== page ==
20. The apparatus of claim 18, wherein the apparatus is further configured to: receive a message associated with a particular service; and evaluate a service policy in the service directory to determine permissions associated with messaging for the particular service, wherein the service policy includes matching criteria used to determine whether a particular client is permitted to send messages to the particular service.
CROSS-REFERENCE TO RELATED APPLICATION
 This application claims the benefit of priority under 35 U.S.C. §119(e) to U.S. Provisional Application Ser. No. 61/505,358, entitled "VIDEOSCAPE SYSTEM PLATFORM" filed Jul. 7, 2011, which is hereby incorporated by reference in its entirety.
 This disclosure relates in general to the field of communications and, more particularly, to a system and a method for providing a message and an event based video services control plane.
 Service providers face difficult challenges in the context of providing video services for a diverse group of end-users. Many service providers are gearing up to implement their `TV Everywhere` initiatives, which can offer a level of freedom being demanded by consumers today. One aspect of this demand includes the ability to access content from any device at any time and from any location. Providing an effective integration of various technologies, while accounting for specific device options, specific location possibilities, specific user preferences, specific content and programming, etc. is a significant challenge for service providers.
BRIEF DESCRIPTION OF THE DRAWINGS
 To provide a more complete understanding of the present disclosure and features and advantages thereof, reference is made to the following description, taken in conjunction with the accompanying figures, wherein like reference numerals represent like parts, in which:
 FIG. 1 is a simplified block diagram of a video system for providing a video platform in accordance with one embodiment of the present disclosure;
 FIG. 2 is a simplified block diagram illustrating possible example details associated with one embodiment of the video system;
 FIG. 3 is a simplified block diagram illustrating possible example details associated with one embodiment of the video system;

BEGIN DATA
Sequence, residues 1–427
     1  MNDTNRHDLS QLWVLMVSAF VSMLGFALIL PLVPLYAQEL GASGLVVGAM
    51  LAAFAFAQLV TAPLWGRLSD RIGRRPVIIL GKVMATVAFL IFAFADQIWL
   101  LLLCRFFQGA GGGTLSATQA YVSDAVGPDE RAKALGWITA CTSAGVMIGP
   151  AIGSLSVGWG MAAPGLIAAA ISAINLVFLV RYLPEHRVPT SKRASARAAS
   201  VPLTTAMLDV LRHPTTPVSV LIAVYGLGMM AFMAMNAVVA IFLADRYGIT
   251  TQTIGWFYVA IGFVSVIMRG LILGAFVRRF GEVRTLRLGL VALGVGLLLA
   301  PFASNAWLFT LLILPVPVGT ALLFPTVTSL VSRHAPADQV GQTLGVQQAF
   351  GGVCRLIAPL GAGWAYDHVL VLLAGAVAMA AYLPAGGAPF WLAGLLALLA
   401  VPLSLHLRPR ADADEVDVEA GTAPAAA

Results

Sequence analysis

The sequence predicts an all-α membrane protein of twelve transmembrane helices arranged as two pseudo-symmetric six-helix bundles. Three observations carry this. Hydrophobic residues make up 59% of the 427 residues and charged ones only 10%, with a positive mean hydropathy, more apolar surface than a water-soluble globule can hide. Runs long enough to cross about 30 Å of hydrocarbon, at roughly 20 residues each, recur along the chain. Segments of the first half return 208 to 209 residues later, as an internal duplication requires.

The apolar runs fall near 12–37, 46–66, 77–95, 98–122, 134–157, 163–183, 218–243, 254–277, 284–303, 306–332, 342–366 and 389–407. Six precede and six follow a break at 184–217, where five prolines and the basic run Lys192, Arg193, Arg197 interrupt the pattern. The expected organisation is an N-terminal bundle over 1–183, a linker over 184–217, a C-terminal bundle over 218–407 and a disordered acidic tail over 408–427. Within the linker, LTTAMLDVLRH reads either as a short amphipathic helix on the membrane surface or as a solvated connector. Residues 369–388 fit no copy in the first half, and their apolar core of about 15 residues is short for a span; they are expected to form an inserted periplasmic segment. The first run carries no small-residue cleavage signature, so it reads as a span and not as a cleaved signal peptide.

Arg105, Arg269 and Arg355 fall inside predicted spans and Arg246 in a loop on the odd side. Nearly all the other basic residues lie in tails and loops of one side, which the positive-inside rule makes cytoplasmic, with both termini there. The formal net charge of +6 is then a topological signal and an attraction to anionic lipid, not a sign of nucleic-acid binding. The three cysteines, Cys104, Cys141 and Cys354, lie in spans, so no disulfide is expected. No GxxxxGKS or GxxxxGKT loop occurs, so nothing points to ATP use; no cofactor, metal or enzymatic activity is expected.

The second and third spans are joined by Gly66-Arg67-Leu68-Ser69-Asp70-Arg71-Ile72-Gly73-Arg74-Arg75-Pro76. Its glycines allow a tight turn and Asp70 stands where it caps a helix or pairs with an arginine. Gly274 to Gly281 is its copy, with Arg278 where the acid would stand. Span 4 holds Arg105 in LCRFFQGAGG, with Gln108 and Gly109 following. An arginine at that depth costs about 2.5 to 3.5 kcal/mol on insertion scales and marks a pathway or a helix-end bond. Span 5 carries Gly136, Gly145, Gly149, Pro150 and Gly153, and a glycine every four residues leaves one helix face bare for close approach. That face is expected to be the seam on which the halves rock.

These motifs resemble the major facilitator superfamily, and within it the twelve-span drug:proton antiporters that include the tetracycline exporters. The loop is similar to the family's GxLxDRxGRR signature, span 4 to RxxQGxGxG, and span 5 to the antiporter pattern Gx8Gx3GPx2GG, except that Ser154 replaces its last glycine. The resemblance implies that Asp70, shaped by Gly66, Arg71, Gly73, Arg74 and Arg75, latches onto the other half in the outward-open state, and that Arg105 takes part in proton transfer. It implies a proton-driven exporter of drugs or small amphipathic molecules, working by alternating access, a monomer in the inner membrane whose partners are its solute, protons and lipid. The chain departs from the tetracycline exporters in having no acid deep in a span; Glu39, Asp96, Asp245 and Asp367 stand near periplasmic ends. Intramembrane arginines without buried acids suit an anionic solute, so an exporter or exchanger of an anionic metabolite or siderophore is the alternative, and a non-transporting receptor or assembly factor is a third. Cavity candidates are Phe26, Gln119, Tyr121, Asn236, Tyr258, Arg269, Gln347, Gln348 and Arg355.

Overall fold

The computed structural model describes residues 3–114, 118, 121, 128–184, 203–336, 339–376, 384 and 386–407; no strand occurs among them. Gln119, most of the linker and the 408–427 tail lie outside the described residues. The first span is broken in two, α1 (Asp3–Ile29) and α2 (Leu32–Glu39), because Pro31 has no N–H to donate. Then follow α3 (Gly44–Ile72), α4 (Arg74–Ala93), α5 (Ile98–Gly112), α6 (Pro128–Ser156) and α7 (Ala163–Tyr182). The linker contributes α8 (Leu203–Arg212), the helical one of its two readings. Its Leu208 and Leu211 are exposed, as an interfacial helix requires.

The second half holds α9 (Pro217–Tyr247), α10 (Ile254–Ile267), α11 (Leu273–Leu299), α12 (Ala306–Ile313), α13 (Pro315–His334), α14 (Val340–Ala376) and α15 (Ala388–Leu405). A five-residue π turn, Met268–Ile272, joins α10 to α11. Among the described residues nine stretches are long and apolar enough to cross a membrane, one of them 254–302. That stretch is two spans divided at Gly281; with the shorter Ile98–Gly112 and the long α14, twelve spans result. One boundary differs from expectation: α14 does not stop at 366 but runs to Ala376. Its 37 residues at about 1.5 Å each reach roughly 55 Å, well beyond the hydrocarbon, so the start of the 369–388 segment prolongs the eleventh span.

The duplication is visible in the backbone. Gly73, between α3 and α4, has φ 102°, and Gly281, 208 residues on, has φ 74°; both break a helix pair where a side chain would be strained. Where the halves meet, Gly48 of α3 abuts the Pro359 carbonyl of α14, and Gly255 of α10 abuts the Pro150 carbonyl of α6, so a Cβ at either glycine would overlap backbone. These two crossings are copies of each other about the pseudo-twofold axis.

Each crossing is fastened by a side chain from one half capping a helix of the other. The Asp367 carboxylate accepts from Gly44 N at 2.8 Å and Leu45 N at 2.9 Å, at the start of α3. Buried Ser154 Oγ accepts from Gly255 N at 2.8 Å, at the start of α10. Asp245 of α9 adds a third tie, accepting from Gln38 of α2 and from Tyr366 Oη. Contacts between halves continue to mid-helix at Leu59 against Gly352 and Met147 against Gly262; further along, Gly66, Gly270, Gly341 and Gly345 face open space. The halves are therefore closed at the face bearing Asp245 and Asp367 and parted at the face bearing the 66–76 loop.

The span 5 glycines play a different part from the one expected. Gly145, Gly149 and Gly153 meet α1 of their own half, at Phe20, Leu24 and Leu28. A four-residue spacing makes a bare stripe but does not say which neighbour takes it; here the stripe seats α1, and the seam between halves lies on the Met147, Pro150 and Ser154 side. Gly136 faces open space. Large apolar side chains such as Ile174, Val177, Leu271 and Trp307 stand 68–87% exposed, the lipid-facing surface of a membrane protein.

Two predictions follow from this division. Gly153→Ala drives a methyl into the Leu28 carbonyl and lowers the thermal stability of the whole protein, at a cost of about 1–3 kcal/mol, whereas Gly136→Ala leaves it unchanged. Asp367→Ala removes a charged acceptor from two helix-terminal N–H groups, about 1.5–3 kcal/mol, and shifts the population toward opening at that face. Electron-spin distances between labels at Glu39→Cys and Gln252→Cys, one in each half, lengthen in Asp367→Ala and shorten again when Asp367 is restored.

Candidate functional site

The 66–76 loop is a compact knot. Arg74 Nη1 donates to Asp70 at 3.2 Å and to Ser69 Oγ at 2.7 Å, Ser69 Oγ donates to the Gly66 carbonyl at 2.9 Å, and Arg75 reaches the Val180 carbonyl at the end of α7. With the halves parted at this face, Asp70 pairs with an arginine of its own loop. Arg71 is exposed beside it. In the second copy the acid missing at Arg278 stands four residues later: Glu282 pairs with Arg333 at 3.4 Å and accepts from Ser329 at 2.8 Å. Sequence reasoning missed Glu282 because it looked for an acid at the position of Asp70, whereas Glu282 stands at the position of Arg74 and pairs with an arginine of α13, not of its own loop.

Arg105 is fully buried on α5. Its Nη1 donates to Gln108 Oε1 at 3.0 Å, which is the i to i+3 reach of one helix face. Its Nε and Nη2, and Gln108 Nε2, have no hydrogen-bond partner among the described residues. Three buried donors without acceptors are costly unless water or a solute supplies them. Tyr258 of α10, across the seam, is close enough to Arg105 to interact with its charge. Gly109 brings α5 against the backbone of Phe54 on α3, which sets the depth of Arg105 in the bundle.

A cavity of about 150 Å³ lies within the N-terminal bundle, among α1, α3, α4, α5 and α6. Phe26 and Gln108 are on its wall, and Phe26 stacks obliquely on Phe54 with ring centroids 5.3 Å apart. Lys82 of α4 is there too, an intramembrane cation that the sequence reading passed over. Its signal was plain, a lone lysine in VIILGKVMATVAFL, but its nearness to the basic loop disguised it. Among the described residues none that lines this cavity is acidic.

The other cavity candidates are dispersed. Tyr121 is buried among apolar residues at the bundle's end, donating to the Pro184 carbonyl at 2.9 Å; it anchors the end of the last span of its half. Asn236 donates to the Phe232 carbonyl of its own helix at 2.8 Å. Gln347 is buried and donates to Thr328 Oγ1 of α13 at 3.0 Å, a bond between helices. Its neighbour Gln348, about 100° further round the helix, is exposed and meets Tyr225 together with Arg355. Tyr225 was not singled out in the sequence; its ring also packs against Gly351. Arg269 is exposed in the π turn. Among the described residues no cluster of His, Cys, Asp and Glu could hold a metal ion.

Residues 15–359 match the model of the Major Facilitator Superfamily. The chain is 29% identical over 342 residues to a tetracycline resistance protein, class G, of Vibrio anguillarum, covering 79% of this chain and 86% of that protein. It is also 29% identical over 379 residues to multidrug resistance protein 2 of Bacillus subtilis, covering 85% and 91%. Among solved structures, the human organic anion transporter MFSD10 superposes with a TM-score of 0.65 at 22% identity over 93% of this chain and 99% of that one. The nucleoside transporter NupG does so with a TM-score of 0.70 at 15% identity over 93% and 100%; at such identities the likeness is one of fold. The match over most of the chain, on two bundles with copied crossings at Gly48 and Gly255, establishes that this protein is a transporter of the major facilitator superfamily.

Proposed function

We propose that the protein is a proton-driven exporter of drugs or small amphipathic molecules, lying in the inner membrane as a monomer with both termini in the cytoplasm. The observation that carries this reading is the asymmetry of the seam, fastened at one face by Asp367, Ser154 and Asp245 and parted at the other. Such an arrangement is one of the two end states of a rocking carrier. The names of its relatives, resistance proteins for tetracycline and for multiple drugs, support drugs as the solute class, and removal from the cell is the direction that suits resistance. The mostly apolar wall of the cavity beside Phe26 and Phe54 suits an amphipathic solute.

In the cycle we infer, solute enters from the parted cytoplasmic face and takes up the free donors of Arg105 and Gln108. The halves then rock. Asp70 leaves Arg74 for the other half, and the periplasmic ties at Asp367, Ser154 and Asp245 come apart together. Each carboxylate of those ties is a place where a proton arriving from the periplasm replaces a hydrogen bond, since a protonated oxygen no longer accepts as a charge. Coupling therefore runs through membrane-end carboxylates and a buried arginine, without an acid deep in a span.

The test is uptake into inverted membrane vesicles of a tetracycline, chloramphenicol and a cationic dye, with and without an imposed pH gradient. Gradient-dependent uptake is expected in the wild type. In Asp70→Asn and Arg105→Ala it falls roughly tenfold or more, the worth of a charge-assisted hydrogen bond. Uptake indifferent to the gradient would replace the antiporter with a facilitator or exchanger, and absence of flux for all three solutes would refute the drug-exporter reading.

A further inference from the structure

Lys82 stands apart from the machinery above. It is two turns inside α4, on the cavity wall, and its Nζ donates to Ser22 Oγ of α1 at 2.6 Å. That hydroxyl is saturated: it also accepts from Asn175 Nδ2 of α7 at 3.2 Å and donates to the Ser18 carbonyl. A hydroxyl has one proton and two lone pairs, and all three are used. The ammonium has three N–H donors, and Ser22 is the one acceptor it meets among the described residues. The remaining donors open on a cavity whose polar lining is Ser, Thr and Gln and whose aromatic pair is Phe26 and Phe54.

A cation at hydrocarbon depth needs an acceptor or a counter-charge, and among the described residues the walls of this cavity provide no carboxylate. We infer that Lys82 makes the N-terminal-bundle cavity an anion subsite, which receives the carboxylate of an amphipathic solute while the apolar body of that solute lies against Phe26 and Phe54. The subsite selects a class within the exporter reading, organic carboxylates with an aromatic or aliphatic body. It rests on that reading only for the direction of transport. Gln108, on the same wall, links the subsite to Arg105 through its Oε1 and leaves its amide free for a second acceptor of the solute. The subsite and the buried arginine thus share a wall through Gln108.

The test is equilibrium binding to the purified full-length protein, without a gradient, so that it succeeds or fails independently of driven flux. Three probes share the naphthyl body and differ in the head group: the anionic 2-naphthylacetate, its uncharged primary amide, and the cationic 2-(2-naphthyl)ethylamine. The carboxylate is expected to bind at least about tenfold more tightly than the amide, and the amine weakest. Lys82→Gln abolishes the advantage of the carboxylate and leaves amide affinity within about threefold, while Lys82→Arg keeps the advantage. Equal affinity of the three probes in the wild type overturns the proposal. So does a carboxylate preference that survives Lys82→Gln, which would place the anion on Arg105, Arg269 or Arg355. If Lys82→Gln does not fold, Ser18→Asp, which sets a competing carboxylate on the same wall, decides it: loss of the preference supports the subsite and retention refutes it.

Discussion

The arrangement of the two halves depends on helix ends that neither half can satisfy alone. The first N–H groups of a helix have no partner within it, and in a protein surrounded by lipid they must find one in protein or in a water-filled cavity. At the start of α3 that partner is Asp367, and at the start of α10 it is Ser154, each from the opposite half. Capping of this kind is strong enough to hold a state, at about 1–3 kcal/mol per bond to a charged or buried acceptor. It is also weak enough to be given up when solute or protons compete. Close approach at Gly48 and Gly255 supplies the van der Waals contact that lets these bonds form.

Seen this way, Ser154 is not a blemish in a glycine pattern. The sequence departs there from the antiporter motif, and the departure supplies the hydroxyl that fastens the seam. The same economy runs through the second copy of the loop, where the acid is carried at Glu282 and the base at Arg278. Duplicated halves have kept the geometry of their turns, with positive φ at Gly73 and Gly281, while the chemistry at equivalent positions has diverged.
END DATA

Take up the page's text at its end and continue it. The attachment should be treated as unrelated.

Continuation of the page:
FIG. 4 is a simplified block diagram illustrating possible example details associated with one embodiment of the video system;
 FIG. 5 is a simplified block diagram illustrating possible example details associated with one embodiment of the video system;
 FIG. 6 is a simplified block diagram illustrating possible example details associated with one embodiment of the video system;
 FIG. 7 is a simplified block diagram illustrating possible example details associated with one embodiment of a service policy;
 FIG. 8 is a simplified block diagram illustrating possible example details associated with one embodiment of virtual service and service instances of the video system;
 FIGS. 9-11 are simplified flowcharts illustrating potential operations associated with the video system in accordance with one embodiment of the present disclosure.
DETAILED DESCRIPTION OF EXAMPLE EMBODIMENTS
 A method is provided in one example embodiment and includes establishing a connection (e.g., wired, wireless, etc.) between a client and a messaging fabric of a conductor element associated with a video system. The method also includes defining a service having a set of features using a set of interfaces (e.g., hardware, software, applications, etc.) associated with an Extensible Messaging and Presence Protocol (XMPP). The service can be associated with any type of management, processing, delivery, formatting, or controlling of video data. The features can be associated with any type of activity, operation, task, or function associated with video. The method also includes assigning a plurality of XML namespaces (which includes any type of identifier) for the set of features of the service; assigning an identifier to the service; and registering the service in a service directory in order to create a mapping between the XML namespaces and the identifier.
 In more particular embodiments, the service exposes non-XMPP-based features to be accessed by other protocols. In addition, the method could include registering non-XMPP-based features in the service directory using a uniform resource locator (URL). In more specific implementations, the service is invoked by a device in order to support a particular feature of the video system.
 In other implementations, the method can include accessing a protocol namespace in the service directory; retrieving a particular identifier associated with a particular service; and communicating a message using a messaging infrastructure of the conductor element. Additionally, a virtual service identifier can be defined for a particular service. In certain example instances, the method can include receiving a message associated with a particular service, and evaluating a service policy in the service directory to determine permissions associated with messaging for the particular service. The service policy can include matching criteria used to determine whether a particular client is permitted to send messages to the particular service. More specific methodologies can include evaluating which groups are associated with a particular client that sent the message, the service policy can include group permissions associated with a plurality of clients.
 Turning to FIG. 1, FIG. 1 is a simplified block diagram of a video system 10 configured for providing an integrated video platform in accordance with one embodiment of the present disclosure. Video system 10 may include a plurality of backend systems 15, which may further include a number of provider systems 14 that are inclusive of subscriber management and billing. In addition, video system 10 may include a media suite 18 for content and metadata management, which may be coupled to a media acquisition 22 for content processing. A video system enabled services element 20 may be suitably linked to media suite 18, media acquisition 22, and a content distribution 24.